Let's say I issue some commands on the command line:

#capture what follows
$ echo "foo"

# don't capture
$ echo "bing"

# capture again
$ echo "bar"

How can I log commands selectively to a logfile, which only captures the commands themselves issued on the cli? I.e. effectively achieving something similar to .bash_history, but only for certain commands:

$ cat command.log
echo "foo"
echo "bar"

Note that ouput to STDOUT of each command should not be logged.
I've looked at IO redirection, but could not figure out a working solution.

  • You say "selectively". What is the selection criteria? Are you fine with manually typing a few extra characters for every command you want to log? – jw013 Nov 21 '14 at 16:42
  • yes, that would be fine. – jottr Nov 21 '14 at 16:45
  • @jottr, you could try something as suggested here. – Ramesh Nov 21 '14 at 16:48
  • 1
    Why not set HISTFILE to your log for the session, effectively logging the commands to that file? – muru Nov 21 '14 at 16:55
  • 1
    @jottr The least clunky method I can come up with at the moment is to make an alias like alias loglast='fc -ln -1 | cut -c 3- > ~/command.log', and then just run loglast after every command you want to log. – jw013 Nov 21 '14 at 17:06

If you define a function like

loglast() {
    fc -ln -1 | sed 's/^[[:space:]]*//' >> "${1:-${logfile:-~/command.log}}"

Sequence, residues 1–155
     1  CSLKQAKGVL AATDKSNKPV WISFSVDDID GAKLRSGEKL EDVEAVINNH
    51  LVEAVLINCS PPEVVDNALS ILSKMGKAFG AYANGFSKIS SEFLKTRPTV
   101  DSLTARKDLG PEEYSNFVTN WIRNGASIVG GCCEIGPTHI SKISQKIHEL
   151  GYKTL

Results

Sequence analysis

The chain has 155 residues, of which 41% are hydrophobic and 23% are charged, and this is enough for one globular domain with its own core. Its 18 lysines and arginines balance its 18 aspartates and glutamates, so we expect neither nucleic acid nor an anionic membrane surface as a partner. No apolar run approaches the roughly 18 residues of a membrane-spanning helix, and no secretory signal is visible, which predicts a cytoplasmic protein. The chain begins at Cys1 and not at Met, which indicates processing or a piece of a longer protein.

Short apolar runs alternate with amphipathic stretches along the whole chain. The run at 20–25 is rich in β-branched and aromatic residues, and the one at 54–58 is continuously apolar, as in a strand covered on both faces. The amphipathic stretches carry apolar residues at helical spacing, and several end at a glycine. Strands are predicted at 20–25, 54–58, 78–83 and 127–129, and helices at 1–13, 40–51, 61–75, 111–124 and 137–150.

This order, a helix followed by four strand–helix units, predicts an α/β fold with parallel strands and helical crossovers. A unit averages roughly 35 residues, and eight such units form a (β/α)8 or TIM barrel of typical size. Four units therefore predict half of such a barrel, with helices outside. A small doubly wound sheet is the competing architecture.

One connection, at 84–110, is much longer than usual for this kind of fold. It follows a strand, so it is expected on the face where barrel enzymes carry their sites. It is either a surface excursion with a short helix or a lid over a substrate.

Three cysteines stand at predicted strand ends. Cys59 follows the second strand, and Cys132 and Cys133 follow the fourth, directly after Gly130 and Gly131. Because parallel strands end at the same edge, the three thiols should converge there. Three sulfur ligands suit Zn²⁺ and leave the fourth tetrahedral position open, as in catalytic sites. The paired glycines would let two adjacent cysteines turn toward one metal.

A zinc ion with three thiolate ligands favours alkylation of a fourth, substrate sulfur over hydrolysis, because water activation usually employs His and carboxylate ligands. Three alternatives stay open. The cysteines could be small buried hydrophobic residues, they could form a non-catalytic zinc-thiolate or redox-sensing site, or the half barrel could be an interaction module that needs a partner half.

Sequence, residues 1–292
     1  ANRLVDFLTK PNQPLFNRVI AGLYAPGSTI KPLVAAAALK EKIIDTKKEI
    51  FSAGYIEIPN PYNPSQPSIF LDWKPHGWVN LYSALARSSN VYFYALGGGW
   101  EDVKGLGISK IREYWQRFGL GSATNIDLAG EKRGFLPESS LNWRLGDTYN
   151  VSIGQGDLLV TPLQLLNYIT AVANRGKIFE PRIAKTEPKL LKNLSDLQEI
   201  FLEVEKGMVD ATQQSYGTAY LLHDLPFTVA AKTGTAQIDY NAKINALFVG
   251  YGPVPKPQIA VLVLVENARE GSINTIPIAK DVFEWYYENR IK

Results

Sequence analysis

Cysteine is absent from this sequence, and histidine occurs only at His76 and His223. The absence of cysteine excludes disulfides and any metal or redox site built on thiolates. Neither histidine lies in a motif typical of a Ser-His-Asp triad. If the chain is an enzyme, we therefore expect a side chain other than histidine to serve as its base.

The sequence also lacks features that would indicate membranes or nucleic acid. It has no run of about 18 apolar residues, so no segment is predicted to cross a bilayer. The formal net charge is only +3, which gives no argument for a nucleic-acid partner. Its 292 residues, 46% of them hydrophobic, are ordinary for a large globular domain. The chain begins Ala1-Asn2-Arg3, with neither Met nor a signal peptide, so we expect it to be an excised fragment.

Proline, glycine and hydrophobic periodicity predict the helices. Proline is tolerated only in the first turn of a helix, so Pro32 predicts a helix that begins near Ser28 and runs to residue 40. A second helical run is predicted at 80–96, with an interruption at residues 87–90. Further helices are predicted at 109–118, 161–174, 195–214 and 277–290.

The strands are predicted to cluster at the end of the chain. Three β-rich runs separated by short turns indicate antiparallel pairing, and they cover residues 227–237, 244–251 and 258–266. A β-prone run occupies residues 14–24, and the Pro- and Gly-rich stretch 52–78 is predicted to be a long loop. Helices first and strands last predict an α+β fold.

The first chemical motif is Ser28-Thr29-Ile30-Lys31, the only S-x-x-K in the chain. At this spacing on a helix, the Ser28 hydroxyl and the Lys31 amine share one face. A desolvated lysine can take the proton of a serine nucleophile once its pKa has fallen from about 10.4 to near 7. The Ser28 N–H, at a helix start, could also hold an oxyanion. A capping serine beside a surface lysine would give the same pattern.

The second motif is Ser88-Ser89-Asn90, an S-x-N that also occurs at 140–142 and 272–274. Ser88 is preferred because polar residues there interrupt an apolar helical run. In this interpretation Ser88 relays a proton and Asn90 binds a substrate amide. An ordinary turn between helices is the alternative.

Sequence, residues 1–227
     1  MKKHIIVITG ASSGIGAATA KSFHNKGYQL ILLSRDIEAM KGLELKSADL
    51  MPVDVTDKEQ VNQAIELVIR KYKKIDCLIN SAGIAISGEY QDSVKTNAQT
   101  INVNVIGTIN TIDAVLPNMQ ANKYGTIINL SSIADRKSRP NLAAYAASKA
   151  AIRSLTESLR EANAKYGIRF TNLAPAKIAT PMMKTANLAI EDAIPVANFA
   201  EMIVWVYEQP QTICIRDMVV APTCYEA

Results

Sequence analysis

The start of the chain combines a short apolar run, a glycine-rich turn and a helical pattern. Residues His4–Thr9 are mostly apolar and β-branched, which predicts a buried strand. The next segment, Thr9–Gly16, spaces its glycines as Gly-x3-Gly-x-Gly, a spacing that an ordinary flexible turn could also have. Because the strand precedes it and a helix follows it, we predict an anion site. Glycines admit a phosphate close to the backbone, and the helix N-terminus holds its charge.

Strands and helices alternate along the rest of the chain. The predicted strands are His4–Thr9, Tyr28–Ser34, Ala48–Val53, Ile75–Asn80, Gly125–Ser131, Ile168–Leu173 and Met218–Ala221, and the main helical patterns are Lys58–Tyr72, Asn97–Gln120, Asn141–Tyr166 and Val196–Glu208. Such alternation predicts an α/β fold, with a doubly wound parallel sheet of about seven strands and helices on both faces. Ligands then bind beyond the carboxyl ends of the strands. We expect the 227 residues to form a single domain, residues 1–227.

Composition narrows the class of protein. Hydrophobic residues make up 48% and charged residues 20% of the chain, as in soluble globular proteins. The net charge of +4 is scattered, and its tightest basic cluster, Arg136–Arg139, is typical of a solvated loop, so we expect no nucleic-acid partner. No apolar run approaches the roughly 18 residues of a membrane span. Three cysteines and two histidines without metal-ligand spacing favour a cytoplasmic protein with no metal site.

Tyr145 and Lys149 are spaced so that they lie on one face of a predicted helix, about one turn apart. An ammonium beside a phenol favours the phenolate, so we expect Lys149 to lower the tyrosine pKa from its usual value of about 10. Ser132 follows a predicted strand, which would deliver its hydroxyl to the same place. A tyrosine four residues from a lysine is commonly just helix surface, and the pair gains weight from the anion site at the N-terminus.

then after every command you want to log, you can run loglast to log the previous command.

The log file used is (in order): the optional first argument to loglast, or $logfile if no argument given, or $HOME/command.log as a last default.

The sed -s '/^[[:space:]]*// removes the leading spaces that fc adds.

  • Easily support a selection argument like fc itself: loglast () { fc -ln ${1:--1} ${2:--1} ... which defaults to the one most recent command. To log only the 3rd most recent command, for example: loglast -3 -3 Bind it to a keystroke by adding this to your ~/.inputrc file: "\e\C-l": "loglast\n" which will allow you to log the most recent command by simply pressing Ctrl-Alt-l (the letter ell). Using the .inputrc file, the loglast command itself will be logged in Bash history when the keystroke is used. To avoid that, use bind -x '"\e\C-l": "loglast"' in your ~/.bashrc instead. – Dennis Williamson Nov 21 '14 at 23:42
  • Neat. Thx @DennisWilliamson – jottr Nov 22 '14 at 19:58
  • The HISTIGNORE approach is super simple. But the reason I like this answer is because you can retroactively log a command. Very handy if you're running commands and not sure of a successful outcome. – Snowcrash Aug 30 '17 at 10:20
  • This is helpful way than HISTCONTROL, for host where developers don't have home directory like production hosts. – mtk Oct 10 '17 at 13:48

The simplest approach is to use the functionality already provided by bash. Specifically, the HISTIGNORE variable:

          A  colon-separated  list  of values controlling how commands are
          saved on the history list.   If  the  list  of  values  includes
          ignorespace,  lines  which  begin with a space character are not
          saved in the history list. 

So, you could do something as simple as

$ HISTCONTROL=ignorespace

Then, any commands you enter with a leading space will be ignored:

$ history -c            ## clear previous history for this session
$ echo foo
$   echo bar
$ history